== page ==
Zondervan Academic Online Courses to Offer Academic Credit from Lancaster Bible College | Capital Seminary & Graduate School
We’re thrilled to announce a new relationship with Lancaster Bible College | Capital Seminary & Graduate School that lets you get academic credit when you take a course online from Zondervan Academic.
This is a great option to receive academic credit while working through an online course on your own—whether you’ve already begun a course, or you’re thinking about doing so.
With Zondervan Academic Online Courses, you can now earn up to 12 credits of advanced standing toward the following certificates/degrees at LBC | Capital:
a certificate an undergraduate degree an M.A. an M.Div.
You can also transfer LBC | Capital credit toward another accepting institution of your choice.
How it works
To get 12 credits of advanced standing:
Complete a defined…
Faith in the Midst of a Personal Crisis – An Excerpt from Hearing the Message of Daniel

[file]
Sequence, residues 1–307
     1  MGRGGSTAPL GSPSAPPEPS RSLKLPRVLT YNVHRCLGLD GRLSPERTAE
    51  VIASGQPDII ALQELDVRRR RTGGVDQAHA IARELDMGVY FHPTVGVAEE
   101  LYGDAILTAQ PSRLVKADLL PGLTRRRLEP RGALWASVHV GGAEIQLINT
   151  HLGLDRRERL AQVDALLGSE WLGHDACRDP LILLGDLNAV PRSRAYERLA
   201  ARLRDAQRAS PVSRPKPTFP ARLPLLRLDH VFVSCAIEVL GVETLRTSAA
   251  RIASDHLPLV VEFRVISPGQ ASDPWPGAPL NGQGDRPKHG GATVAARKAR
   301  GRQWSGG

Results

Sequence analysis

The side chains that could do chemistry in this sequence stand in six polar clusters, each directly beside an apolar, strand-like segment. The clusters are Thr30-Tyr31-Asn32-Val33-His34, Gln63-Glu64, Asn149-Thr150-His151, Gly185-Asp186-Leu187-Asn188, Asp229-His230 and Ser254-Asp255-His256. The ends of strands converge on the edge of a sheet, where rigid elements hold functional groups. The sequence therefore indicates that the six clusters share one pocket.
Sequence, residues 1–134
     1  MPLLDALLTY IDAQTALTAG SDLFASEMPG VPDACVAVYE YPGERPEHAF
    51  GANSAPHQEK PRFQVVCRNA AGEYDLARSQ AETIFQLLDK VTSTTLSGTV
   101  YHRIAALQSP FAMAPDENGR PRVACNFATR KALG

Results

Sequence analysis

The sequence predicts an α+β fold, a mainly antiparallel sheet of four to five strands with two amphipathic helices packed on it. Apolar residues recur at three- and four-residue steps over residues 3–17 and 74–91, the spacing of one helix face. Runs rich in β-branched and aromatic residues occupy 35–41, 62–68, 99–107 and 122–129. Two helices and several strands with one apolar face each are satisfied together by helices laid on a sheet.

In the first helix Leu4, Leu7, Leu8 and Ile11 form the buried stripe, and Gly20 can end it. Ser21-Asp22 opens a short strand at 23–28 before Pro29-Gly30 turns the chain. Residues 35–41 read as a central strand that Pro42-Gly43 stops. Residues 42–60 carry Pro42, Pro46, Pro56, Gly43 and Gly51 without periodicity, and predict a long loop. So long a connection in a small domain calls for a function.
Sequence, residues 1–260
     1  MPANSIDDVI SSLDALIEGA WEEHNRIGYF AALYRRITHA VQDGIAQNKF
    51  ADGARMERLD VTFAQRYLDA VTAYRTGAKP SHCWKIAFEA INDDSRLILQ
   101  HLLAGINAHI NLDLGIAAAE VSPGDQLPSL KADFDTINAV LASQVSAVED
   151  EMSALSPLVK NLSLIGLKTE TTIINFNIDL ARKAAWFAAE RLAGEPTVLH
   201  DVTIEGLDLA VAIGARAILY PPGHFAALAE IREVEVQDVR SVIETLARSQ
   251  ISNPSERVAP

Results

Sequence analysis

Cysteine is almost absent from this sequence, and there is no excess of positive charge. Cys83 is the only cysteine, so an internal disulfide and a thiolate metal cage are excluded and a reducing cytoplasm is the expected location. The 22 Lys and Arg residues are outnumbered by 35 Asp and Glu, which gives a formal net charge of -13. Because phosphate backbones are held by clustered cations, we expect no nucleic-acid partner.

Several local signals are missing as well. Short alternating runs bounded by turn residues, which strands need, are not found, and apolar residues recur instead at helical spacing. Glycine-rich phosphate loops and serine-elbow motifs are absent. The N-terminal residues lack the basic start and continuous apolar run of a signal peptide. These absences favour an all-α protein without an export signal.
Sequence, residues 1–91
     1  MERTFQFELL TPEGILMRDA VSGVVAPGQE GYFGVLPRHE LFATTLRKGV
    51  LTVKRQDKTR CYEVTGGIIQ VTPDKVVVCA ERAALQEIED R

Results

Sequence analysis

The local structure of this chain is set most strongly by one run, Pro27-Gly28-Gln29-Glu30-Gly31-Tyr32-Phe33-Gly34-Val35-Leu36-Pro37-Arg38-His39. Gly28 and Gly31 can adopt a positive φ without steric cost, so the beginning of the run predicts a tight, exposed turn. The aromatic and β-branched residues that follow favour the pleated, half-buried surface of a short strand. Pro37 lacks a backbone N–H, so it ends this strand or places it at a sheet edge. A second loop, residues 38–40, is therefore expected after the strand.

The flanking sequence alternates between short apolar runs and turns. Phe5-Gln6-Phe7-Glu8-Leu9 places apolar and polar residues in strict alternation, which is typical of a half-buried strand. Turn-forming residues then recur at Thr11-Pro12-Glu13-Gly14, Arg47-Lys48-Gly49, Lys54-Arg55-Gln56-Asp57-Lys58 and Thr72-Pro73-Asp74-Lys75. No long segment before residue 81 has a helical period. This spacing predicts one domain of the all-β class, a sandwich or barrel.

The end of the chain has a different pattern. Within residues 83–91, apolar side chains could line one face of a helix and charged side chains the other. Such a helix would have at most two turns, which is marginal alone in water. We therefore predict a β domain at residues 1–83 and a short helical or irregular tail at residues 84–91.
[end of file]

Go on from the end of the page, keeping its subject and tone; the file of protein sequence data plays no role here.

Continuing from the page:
Most sermons I heard on the first chapter of Daniel in my youth emphasized the negative refusal, the courageous stand of Daniel and his friends. The preachers and Bible study leaders never commented on the remarkable degree of acceptance that they showed. Three times they said “Yes,” before they said “No.”
In today’s excerpt from Hearing the Message of Daniel, author Christopher Wright challenges us–in light of Daniel’s experience in Babylon–to think about how we engage in our own secular culture.
FAITH IN THE MIDST OF A PERSONAL CRISIS (1:3–20)
The international crisis that had engulfed their world also hurled Daniel and his friends into a cultural and personal crisis that tested them severely, even though they were so young at the time.…